One of George Orwell’s rules for effective writing is “If it is possible to cut a word out, always cut it out.” He had six rules which appeared in his 1946 essay, “Politics and the English Language.” As editors, we like this rule. We keep a close eye out for wordiness and In particular, we pounce on empty calorie words and phrases that swell the word count and slow down the story.
We think that writers include these empty calorie phrases to make either themselves or the reader feel comfortable, but that is not the effect they have. Including them is like dropping a sugary doughnut into the middle of the action of your narrative. The reader has to climb over them or go around them or in some way shoulder them aside in order to stay with the story. If you include a lot of them in your narrative, you are simply asking the reader to give up on it.
They are easy to spot because you can cut them out of the sentence they are in and find that the sentence is just fine, better even, without them. Here are some examples:
As fate would have it: Fate always has it. There seems little point in telling the reader about it. The exception to this is when things turn differently from hopes or expectations as: I prayed for sunshine that day, but as fate would have it, it poured.
Really: The use of this word is usually redundant. How is I really thought he did a good job different from I thought he did a good job?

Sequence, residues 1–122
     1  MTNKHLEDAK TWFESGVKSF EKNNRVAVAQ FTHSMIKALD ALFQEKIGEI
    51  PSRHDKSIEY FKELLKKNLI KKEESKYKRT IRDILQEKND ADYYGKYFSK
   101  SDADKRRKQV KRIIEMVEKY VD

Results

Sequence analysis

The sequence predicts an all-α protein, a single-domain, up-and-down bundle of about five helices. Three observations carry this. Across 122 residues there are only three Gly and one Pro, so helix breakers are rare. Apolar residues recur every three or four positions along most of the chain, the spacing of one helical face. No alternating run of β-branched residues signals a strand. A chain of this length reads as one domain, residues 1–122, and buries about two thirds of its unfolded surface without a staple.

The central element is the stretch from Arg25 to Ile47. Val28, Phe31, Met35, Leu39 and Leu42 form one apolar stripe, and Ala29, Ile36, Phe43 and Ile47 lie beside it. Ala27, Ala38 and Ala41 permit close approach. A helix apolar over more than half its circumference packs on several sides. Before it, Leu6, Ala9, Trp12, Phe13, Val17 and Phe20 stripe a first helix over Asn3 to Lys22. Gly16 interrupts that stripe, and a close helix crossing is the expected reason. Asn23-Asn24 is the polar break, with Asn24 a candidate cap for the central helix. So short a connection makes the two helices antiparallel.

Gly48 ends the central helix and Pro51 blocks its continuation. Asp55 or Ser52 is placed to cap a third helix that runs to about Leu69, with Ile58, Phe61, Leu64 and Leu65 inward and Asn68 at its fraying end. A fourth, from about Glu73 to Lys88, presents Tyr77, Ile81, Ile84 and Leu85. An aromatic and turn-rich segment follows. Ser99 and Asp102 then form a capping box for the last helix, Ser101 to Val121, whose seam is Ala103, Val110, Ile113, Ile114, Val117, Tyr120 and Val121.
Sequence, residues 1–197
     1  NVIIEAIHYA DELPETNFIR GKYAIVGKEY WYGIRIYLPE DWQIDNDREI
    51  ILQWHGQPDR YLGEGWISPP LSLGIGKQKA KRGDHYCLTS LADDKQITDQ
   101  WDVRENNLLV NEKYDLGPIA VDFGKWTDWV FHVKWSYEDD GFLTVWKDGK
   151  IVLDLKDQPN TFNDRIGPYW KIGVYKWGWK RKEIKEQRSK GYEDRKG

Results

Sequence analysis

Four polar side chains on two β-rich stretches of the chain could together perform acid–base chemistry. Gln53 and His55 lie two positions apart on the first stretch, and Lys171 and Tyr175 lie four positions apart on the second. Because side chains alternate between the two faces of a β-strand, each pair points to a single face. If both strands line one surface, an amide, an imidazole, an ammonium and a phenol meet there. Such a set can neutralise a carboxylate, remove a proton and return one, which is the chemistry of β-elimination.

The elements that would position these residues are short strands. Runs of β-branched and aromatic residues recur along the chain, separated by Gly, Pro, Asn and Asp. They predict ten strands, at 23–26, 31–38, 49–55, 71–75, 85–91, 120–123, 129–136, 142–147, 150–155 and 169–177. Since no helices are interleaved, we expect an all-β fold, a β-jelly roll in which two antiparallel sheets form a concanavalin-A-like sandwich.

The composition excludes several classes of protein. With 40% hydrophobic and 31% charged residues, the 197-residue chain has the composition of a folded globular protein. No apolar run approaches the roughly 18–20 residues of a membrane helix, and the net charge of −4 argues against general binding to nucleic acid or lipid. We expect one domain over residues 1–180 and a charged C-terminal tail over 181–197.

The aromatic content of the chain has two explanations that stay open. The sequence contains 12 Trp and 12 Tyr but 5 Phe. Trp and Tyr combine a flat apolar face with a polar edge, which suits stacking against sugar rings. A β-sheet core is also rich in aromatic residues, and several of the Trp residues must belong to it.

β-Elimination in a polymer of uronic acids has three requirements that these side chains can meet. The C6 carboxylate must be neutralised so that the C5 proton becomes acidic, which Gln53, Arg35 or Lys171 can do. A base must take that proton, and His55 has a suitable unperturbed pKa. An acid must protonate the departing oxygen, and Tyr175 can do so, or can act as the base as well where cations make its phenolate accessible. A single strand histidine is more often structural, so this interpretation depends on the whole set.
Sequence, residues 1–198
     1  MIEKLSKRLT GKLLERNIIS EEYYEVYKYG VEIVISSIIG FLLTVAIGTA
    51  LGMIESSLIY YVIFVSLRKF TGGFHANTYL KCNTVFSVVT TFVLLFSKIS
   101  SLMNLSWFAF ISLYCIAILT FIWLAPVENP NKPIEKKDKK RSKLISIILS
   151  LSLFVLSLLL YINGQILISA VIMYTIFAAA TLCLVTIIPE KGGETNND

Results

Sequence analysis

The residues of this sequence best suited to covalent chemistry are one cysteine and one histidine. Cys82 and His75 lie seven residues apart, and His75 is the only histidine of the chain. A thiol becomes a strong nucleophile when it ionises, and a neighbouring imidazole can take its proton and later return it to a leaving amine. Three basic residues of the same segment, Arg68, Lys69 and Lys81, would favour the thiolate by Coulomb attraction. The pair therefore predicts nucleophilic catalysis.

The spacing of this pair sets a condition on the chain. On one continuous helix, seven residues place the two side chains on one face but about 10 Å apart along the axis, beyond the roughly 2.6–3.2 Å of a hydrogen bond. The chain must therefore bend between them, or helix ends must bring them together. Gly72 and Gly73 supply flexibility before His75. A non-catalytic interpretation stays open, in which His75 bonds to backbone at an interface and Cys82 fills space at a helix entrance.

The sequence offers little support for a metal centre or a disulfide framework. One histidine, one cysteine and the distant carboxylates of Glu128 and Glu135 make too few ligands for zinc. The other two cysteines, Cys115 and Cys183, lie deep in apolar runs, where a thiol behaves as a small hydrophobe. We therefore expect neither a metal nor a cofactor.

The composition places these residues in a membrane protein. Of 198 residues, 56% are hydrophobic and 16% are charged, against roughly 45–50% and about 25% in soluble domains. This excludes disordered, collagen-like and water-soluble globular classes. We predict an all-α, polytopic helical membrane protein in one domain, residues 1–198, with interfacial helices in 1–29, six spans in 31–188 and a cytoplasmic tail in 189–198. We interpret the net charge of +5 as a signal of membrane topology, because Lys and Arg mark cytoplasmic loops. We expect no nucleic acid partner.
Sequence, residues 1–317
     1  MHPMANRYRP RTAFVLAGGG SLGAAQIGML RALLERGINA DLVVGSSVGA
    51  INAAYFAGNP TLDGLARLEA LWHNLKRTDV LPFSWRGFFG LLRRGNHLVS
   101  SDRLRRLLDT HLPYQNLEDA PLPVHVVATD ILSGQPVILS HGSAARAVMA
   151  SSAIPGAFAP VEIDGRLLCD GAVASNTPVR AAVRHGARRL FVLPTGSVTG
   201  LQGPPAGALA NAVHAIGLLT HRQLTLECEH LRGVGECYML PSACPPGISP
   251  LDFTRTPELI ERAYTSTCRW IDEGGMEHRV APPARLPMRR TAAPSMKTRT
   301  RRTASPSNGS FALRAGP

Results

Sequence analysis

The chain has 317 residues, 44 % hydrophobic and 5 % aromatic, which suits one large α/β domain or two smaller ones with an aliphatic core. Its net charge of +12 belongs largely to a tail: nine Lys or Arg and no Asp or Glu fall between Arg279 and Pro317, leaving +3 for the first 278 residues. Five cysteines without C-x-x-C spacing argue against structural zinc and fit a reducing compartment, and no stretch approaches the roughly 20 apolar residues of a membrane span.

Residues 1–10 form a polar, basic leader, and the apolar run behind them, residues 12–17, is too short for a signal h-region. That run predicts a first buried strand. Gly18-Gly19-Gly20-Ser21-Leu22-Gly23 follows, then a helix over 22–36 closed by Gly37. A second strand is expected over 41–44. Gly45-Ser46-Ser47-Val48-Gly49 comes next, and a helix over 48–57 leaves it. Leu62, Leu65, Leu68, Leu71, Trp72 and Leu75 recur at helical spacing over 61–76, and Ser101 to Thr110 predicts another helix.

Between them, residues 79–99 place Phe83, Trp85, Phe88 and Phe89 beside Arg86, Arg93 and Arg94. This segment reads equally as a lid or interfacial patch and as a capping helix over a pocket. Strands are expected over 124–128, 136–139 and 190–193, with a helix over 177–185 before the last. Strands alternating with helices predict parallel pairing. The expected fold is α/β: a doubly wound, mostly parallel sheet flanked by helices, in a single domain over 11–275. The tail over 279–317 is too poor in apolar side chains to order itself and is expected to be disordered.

As a matter of fact or In fact: Unless, you, the writer are in the habit of lying to your reader, isn’t everything you write a matter of fact, at least as far as you know it? Even if you write fiction, you usually are making an honest attempt to convey something to the reader.
Let’s start at the beginning: Where else would you start?
That said: If it was just said, you don’t need to point to it. The reader has read it.
In order to: This is just pompous, three words when the simple preposition “to” will do.
I put on my boots in order to go out.
I put on my boots to go out.
He/she knew: If you are writing from a character’s point of view, than whatever piece of knowledge being shared can be presumed to be known by that character.
So and So Said: The word “said” gets used too much. Suppose you have a scene like this: Mother rolled up her sleeves and picked up the rolling pin. She said, “This how you roll out the biscuit dough.” You don’t need “she said.” The reader knows you are talking about Mother and assumes she is the one doing the talking.
Well: In our sixth-grade class, whenever a student was called on and started to answer with, “Well,” the teacher snapped, “Don’t dig any wells.” This word is also a hole in a manuscript.